Hyundai enables a one-pedal drive mode whereby the off-throttle motor resistance can be increased to the point where the traditional brakes are only required for aggressive stopping power. Once a driver gets used to one-pedal driving, it can be a very smooth, linear way to modulate a car’s speed, not to mention save the life of the brakes and put energy back into the battery).

Safety: 10/10

Kudos to Hyundai for incorporating its latest suite of active safety features in the Ioniq 6. Among myriad collision avoidance sensors for pedestrians and cyclists, parking, and turning across oncoming traffic, there’s automated braking, driver attention monitoring, lane-keeping assist with highway driving assistance, automatic high-beam headlights, and even navigation-based adaptive cruise control that helps slow the car down automatically for curves.

While neither the United States National Highway Traffic Safety Administration (NHTSA) nor the not-for-profit Insurance Institute for Highway Safety (IIHS) had yet to publish test results for the Ioniq 6 at the time of this writing, the Ioniq 5 that’s built on the same platform received a Top Safety Pick+ rating from the latter last year.

Features: 8/10

The Ioniq 6 in this Ultimate trim is quite well equipped. In addition to the pair of 12.3-inch screens, the interior is lit up by configurable LED lighting throughout. The heated steering wheel and front seats, along with automated climate control, keep folks comfortable, while the power sunroof lets in the light. One of the neatest features is the two-way onboard charger that enables the car’s battery to work as a power source in the event of a residential outage. On the downside, the premium eight-speaker stereo system offers surprisingly muddy and disappointing sound quality.

User Friendliness: 8/10

The driver interface with the Ioniq 6 is generally quite intuitive. After tapping the ignition button, a simple twist of the column-mounted shifter gets things going. The touchscreen menus are easy to navigate, and for key touchpoints like volume and tuning, there are redundancy switches and knobs to keep things easy. Even the climate control has its own separate panel with basic touch panel controls.

Outward visibility is good, as is the driver’s seating position, with the dramatically sloped nose being completely out of sight from behind the wheel. The head-up display (HUD) is of limited use for those with polarized glasses, and while there’s a wireless phone charger, both Apple CarPlay and Android Auto are of the wired variety.

Comfort: 7.5/10

With such an aerodynamic shape, wind noise is virtually non-existent, and the powertrain is near-silent, too, since there’s no engine generating background sounds. Even road noise is well suppressed, making the Ioniq 6 a serene cruiser. Its ride quality leans more toward sporty than pure luxury, but even with the large wheel package, it’s still well-managed and comfortable. Front-seat space is generous for adults, but the rear seat, while offering plenty of leg oom, has its headroom compromised by the raked roofline.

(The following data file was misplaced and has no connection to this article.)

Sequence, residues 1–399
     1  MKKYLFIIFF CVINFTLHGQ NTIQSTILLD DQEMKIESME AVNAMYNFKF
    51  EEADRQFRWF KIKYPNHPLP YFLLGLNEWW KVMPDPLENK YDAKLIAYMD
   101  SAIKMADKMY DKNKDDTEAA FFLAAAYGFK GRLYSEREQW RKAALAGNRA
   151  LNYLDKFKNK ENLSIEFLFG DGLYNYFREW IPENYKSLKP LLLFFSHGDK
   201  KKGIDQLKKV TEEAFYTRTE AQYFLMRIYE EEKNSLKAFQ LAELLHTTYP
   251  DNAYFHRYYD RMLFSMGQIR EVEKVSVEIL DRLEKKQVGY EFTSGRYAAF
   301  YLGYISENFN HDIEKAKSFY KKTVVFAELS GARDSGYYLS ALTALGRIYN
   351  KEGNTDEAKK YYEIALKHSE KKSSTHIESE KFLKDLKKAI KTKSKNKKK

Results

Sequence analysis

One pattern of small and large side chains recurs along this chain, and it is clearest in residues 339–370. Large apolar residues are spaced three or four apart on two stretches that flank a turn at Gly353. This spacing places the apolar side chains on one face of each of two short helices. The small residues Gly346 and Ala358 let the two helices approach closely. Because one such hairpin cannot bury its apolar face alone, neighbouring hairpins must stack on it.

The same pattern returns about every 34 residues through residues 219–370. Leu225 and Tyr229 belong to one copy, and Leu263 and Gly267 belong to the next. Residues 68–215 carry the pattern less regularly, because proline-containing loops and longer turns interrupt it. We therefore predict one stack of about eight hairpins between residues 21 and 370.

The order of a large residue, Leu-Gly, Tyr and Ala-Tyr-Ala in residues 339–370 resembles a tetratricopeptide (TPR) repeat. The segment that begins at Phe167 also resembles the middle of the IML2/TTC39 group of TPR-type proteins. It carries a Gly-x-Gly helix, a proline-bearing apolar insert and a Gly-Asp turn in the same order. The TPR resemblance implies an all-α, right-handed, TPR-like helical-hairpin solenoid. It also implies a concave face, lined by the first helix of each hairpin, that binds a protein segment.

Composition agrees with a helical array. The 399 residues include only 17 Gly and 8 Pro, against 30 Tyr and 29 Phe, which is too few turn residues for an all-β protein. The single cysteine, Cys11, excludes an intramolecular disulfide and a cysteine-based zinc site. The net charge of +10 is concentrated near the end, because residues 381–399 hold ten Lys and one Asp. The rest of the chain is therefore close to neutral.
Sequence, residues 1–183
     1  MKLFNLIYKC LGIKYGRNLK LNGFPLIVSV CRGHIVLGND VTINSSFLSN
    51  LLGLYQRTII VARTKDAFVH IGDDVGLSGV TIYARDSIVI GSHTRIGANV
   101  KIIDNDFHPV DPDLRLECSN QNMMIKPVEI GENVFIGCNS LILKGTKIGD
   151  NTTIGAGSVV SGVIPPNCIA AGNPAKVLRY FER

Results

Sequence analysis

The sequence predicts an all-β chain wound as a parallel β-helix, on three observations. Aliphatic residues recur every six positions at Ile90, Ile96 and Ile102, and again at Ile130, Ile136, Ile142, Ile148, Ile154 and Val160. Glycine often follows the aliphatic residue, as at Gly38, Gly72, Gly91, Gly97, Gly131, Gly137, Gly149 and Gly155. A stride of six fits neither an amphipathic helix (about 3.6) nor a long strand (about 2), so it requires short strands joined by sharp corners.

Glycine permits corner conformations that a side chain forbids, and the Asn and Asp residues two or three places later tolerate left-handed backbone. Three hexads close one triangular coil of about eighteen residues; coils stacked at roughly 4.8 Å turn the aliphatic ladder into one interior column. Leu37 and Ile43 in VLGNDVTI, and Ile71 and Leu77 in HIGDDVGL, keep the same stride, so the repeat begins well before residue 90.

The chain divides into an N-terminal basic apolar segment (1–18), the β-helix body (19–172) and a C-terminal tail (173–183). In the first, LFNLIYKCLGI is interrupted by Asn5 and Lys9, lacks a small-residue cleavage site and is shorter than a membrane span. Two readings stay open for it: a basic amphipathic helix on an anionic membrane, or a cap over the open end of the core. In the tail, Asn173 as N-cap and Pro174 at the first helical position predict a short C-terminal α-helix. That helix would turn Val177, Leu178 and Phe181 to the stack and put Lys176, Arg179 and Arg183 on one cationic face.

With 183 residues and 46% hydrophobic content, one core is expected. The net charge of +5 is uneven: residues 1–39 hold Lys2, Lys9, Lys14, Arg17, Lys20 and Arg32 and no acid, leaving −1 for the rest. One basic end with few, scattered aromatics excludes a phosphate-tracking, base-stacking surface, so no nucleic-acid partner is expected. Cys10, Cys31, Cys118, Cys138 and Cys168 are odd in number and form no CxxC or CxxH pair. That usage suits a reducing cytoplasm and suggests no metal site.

Practicality: 6.5/10

Similar to the limited rear seat space, the Ioniq 6’s cargo area is significantly smaller than anything else in its class, measuring only 316 L of capacity. There’s also a frunk, although it’s barely larger than a glove box in size and provides little more use than a place to store the owner’s manuals that come with the car.

Still, as a daily driver for around-town errands, commuting through suburbia, and even weekend getaways for a couple, the Ioniq 6 offers good usability for most needs.

Value: 7/10

With an entry point of $54,999 for a single-motor version of the Ioniq 6, it’s a competitive value with other mainstream EVs. The dual-motor long range setup only adds $3,000, and for anyone not completely hell-bent on having the greatest range, this is probably the value-leader in the lineup. The Ultimate package our tester was equipped with adds an additional $6,000, putting it well within range of those oh-so popular Tesla Model 3s. Similarly, a Polestar 2 and even the lower trim versions of BMW’s i4 are within striking range in terms of cost.

The biggest threat to the Ioniq 6’s value comes from within Hyundai’s own showroom, where the more practical Ioniq 5 shares the same features and powertrain, but costs $3,000 less.

The Verdict

These days, when the only sedans most folks are interested in come from Tesla, it’s great to see Hyundai putting forth a seriously stylish alternative. Its distinctive look notwithstanding, the 2023 Hyundai Ioniq 6 also appears very well built if not overly lavish in its interior finishes. But its admirable range is dramatically reduced by the dual-motor version and larger wheel package, dropping it below a Model 3’s capabilities. Still, for those enamoured by its slick profile, the Ioniq 6 is a neat choice – although the greater value and practicality of the Ioniq 5 make it a more broadly appealing entry.

Engine Displacement 239 kW
Engine Cylinders Dual electric motors
Peak Horsepower 320 hp
Peak Torque 446 lb-ft
Fuel Economy 2.1 / 2.5 / 2.3 Le/100 km, 18.8 / 22.4 / 20.5 kWh/100 km cty/hwy/cmb; 435 km est. range
Cargo Space 316 L
Model Tested 2023 Hyundai Ioniq 6 Preferred AWD Long Range
Base Price $57,999
A/C Tax $100
Destination Fee $1,925
Price as Tested $66,024
Optional Equipment
$6,000 – Ultimate package, $6,000